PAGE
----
The National Institute of Diabetes and Digestive and Kidney Diseases (NIDDK) through the Office of Minority Health Research Coordination invite students to submit their application for the Summer Research Training Program. This program is specific to undergraduate students underrepresented in biomedical and behavioral research, including African American, Hispanic American, Native American, Alaska Native, Native Hawaiians, and other Pacific Islanders. Successful applicants will join one of NIDDK’s research laboratories in Bethesda, Maryland or Phoenix, Arizona for ten weeks beginning in June through first week of August.
At the end of the summer, students participate in the NIH Summer Research Program Poster Day. This provides an opportunity for students to present their work before the NIH scientific community. Students are also expected to participate in meetings and seminars in their individual laboratories. In addition, with permission from their preceptors, students may also attend formal lectures and symposia, which are listed in the weekly "NIH Calendar of Events." The NIH Calendar of Events is only available for students working at the NIH campus in Bethesda, Maryland.
Research performed by the laboratories and branches of the NIDDK covers an extraordinarily diverse area but is unified by a commitment to excellence in both basic and clinical investigation. The basic science laboratories include outstanding groups in many facets of modern molecular biology, structural biology, including x-ray crystallography and NMR, cell biology, and pharmacology. Systems under study include viruses, prokaryotes and eukaryotes, including yeast and mammalian cells. Developmental biology is represented by studies ranging from those on cellular slime molds to those on mouse oocyte development. Several laboratories use the most up-to-date techniques in receptor pharmacology, natural products chemistry, and organic chemistry to study a wide variety of compounds, particularly neuroactive agents. Not only biochemical but also mathematical and physical chemical methods are applied to a variety of fundamental problems.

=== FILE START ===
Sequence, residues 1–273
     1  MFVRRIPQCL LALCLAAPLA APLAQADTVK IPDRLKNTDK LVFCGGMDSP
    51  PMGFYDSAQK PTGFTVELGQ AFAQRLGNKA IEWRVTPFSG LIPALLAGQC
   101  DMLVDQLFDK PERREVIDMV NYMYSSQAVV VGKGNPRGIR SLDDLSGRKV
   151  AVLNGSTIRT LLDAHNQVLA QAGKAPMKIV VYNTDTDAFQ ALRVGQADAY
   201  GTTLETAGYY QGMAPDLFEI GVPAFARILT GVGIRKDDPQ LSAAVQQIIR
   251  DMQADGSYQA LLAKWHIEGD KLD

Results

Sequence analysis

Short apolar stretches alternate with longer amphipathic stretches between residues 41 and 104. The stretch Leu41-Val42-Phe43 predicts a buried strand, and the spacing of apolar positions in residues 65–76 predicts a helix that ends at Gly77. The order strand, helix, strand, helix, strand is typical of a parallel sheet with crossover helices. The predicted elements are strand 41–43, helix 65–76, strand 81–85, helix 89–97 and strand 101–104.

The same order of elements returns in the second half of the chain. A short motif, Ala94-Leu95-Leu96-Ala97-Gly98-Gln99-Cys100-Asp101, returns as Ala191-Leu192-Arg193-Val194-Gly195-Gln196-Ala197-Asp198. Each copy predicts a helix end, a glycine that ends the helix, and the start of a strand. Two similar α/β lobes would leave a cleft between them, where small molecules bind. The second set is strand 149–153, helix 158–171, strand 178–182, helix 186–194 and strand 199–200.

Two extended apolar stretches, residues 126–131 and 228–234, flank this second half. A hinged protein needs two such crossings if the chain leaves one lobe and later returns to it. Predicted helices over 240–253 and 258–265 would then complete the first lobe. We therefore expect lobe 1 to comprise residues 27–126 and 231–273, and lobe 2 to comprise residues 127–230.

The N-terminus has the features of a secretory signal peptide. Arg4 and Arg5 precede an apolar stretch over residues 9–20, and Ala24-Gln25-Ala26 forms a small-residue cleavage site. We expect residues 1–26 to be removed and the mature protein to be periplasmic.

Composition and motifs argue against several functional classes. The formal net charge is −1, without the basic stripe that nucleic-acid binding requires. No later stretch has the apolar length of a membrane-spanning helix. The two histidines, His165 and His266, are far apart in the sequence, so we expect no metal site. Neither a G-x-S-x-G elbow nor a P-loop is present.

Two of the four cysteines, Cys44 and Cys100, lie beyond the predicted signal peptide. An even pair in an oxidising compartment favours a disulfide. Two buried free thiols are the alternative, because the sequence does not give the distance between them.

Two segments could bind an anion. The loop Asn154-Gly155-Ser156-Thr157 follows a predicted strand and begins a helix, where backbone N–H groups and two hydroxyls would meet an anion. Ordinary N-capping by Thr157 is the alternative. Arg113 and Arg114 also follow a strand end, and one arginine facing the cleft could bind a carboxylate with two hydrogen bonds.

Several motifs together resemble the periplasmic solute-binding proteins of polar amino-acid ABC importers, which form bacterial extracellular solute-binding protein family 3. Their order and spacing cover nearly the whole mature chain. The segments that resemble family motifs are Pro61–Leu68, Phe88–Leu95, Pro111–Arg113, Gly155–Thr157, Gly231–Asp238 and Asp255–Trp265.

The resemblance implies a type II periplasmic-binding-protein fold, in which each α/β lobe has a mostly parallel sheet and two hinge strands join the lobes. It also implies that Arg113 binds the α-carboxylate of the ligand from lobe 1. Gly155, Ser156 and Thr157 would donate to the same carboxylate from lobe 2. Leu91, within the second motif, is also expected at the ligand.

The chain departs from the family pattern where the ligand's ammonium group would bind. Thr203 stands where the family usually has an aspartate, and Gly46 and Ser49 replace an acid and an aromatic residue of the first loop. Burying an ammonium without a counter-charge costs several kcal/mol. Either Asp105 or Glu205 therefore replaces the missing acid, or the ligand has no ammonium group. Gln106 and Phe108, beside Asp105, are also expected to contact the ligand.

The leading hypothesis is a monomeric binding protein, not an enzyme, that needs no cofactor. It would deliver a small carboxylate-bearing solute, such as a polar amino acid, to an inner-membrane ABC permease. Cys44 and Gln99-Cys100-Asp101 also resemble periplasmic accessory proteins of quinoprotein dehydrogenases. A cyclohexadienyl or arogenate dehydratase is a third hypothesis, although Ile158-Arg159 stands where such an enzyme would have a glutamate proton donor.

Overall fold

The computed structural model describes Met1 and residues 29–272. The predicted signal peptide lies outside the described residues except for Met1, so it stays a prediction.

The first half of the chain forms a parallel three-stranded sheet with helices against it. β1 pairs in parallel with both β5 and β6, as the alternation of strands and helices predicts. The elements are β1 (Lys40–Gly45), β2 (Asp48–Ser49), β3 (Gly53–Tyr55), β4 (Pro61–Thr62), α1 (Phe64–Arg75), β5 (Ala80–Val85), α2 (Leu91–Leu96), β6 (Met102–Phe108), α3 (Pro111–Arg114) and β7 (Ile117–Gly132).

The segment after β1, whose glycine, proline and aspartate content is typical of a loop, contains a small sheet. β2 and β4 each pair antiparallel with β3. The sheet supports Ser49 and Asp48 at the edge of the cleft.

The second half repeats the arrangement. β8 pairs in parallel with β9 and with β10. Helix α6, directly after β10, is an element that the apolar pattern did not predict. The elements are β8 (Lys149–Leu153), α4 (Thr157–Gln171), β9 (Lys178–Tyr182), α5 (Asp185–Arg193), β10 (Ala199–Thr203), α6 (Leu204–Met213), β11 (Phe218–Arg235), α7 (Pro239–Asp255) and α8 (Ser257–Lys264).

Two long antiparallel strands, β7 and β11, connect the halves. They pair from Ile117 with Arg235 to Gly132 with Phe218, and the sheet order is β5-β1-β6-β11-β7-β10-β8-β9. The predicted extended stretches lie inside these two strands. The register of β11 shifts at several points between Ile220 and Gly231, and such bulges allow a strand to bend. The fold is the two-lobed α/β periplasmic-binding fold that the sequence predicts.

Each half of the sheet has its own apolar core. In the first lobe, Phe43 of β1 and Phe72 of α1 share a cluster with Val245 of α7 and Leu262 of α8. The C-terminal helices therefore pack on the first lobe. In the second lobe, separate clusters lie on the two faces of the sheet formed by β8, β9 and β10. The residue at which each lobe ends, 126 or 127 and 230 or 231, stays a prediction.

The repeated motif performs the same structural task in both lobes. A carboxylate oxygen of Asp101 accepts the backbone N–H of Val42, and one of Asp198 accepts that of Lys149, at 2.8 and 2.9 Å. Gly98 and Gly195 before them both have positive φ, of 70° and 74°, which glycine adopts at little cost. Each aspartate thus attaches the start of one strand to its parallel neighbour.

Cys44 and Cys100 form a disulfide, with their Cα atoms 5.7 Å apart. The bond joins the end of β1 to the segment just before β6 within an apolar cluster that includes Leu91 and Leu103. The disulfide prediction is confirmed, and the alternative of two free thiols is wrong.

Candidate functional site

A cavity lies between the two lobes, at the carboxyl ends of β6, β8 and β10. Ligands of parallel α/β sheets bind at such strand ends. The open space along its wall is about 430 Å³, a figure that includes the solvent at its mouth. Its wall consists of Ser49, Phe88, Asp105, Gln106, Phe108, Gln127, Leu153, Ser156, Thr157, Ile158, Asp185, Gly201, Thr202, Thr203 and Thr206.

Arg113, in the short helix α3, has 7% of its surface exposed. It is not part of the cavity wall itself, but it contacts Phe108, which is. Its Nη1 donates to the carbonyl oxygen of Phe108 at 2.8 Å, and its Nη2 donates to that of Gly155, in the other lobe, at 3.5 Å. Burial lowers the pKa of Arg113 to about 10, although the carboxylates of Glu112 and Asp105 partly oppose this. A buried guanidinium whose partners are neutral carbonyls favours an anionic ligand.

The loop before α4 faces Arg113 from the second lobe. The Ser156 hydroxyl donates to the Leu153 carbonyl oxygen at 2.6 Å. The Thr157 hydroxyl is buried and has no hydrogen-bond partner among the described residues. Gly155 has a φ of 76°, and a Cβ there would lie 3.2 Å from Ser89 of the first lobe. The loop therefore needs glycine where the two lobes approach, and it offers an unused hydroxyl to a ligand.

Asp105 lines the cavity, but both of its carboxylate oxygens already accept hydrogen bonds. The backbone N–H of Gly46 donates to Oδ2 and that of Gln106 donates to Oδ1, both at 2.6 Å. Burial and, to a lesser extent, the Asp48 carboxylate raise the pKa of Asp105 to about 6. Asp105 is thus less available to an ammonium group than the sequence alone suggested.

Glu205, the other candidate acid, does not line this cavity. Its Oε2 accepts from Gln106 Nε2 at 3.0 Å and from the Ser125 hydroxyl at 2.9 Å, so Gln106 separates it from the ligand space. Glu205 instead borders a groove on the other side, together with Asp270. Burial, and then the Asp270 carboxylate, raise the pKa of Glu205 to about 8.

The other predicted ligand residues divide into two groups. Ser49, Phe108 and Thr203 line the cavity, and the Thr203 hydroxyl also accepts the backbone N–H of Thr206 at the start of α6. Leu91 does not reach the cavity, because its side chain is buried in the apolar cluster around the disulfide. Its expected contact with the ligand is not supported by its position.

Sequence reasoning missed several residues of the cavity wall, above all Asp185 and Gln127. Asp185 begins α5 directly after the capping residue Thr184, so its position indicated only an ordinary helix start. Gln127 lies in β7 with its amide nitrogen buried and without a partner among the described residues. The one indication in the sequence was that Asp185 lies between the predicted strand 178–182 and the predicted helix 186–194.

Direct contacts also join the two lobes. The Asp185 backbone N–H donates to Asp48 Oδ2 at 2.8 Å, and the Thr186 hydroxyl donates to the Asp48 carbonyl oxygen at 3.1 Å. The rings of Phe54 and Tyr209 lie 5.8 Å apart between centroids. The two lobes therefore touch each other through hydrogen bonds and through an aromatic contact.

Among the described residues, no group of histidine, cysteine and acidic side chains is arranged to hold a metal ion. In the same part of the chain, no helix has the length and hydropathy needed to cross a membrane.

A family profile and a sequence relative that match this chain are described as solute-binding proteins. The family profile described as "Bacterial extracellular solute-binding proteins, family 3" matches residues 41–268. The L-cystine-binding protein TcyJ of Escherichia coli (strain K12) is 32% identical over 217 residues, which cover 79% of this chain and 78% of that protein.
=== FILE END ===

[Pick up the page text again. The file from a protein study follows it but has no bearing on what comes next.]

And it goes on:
The clinical branches of NIDDK combine basic science and clinical investigation with patient care. Several branches study endocrine diseases and general aspects of signal transduction, including growth factor and hormone action. Molecular biologic and molecular genetic techniques have been used to elucidate specific gene mutations representing the underlying defect in a variety of diseases, including thyroid hormone resistance, certain forms of diabetes, and other disorders of signal transduction. Several NIDDK scientists have created transgenic and knockout mice models of human diseases.